WHITTIER — After more than a year of searching for a developer willing to transform a key downtown area across the street from the Whittier Hilton, the city's Redevelopment Agency has rejected the only offer it received.
City Manager Tom Mauk said the plan now is to "brainstorm and start over with the process." The City Council, acting as the Redevelopment Agency, directed the staff to re-examine possible uses for the area.
"You can study the thing to death, but the proof is in what developers actually want," Mauk said.
However, in the case of a proposal from Relco Industries and Larry Sade, what developers wanted was not enough.
Relco, a Los Angeles development company, proposed building a one-story, 42,000-square-foot shopping strip anchored by a gourmet food market. The developers wanted the city to subsidize the project for $1.3 million--about 20% of its cost.
City officials said they didn't want to pay that much, especially when they have expressed a preference for a larger project that includes both office and retail space. But Peter Novak, Relco's executive vice president for development, said he doubts that the city can get what it wants.
"Having done quite a bit of market study, we have concluded that at the moment, to do an office building in that particular area would be extraordinarily speculative," Novak said. "Until and unless we are able to secure a tenant for a good part of an office building like that, I would not want to undertake such a venture in that location."
Whittier Mayor Gene Chandler said the Redevelopment Agency voted this month to reject Relco's proposal because it was "not dynamic enough."
"When it's done, we want to do it right, because it's such a focal spot being across the street from the Hilton. We want to proceed, but we don't want to put just anything in there to fill up the space," Chandler said.
Novak said city officials seem determined to make office space a part of the project, but Chandler said the Redevelopment Agency isn't locked into that idea. Chandler, though, said he would like to see a multistory development including offices, retail space and a "white tablecloth restaurant." Such a project, he said, would generate tax revenue and bring people to the area.
There is an excess of available office space in Whittier, but Mauk said he hopes that a regional business, such as an insurance company, would occupy any offices built across from the Hilton and draw people from outside the area.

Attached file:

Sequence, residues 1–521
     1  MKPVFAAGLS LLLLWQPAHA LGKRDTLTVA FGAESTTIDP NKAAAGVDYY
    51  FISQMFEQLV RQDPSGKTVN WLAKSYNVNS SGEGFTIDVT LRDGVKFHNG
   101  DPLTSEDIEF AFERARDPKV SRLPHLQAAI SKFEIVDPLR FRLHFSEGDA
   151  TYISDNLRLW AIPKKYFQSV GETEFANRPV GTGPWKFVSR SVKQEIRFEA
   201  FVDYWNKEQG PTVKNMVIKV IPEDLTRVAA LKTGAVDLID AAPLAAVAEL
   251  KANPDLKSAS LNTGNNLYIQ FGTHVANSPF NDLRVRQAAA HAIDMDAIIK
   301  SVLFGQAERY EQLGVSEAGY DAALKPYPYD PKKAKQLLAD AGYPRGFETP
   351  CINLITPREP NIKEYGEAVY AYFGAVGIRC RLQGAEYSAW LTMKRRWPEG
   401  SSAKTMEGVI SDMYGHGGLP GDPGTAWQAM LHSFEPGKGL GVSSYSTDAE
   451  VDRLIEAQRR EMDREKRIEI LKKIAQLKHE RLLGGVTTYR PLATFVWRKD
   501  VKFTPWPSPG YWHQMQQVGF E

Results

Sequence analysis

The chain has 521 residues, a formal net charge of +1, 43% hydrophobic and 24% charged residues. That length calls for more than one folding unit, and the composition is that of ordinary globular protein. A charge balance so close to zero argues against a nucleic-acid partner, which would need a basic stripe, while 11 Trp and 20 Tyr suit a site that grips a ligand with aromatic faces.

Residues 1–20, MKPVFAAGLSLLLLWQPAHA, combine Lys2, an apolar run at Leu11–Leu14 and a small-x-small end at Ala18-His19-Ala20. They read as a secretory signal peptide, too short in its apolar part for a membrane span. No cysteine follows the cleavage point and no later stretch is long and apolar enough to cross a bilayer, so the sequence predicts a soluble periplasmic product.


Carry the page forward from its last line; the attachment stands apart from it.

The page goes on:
Mauk said developers have not been attracted to the block because it is miles from a freeway, is separated from Uptown Whittier and is relatively expensive at $25 to $30 per square foot for the land. Because of those factors, the city would be willing to subsidize the project, with the amount depending on the size and type of the development.
Novak said, in addition to the subsidy, "The city would have to discount the land significantly more if they wanted it to be developed for office (space) . . . . In real estate, it is very much a function of time. If one waits long enough, he will probably get his price, ultimately. The question is whether one can wait that long."
Contrast in Land-Uses
The area is a priority for the council because of the contrast between the elegant eight-story Hilton at the corner of Penn Street and Greenleaf Avenue and the mismatched collection of businesses across Greenleaf.
The council's expectations for the area were heightened by construction of the hotel, which opened last spring. City officials hoped that the redevelopment would increase land values in the surrounding area and help sustain an envisioned upscale shopping and dining area. Last year, the city mailed more than 100 requests for proposals to develop the block, but Relco's was the only one submitted.
Despite not being close to a freeway and heavily traveled Whittier Boulevard, the 206-room Hilton has maintained an occupancy rate of at least 60% to 70% since a few months after opening last spring, said Melinda Johnson, sales manager for the hotel. About 85% of the hotel's business comes from corporate travelers, although the Hilton is trying to build its tourist trade, she said.
Novak said a lack of tourism is a factor in developing the area, because guests traveling on business typically stay weeknights and are more likely to spend their time in meetings rather than shopping.
"It's not a traditional business hotel and therefore its effect upon the immediate vicinity is somewhat different," Novak said. "Blocks of rooms are taken out of circulation and they may be vacant for a while" because some businesses maintain several rooms continually to take advantage of a corporate hotel rate, he said. "It doesn't provide the traffic to benefit the neighborhood."
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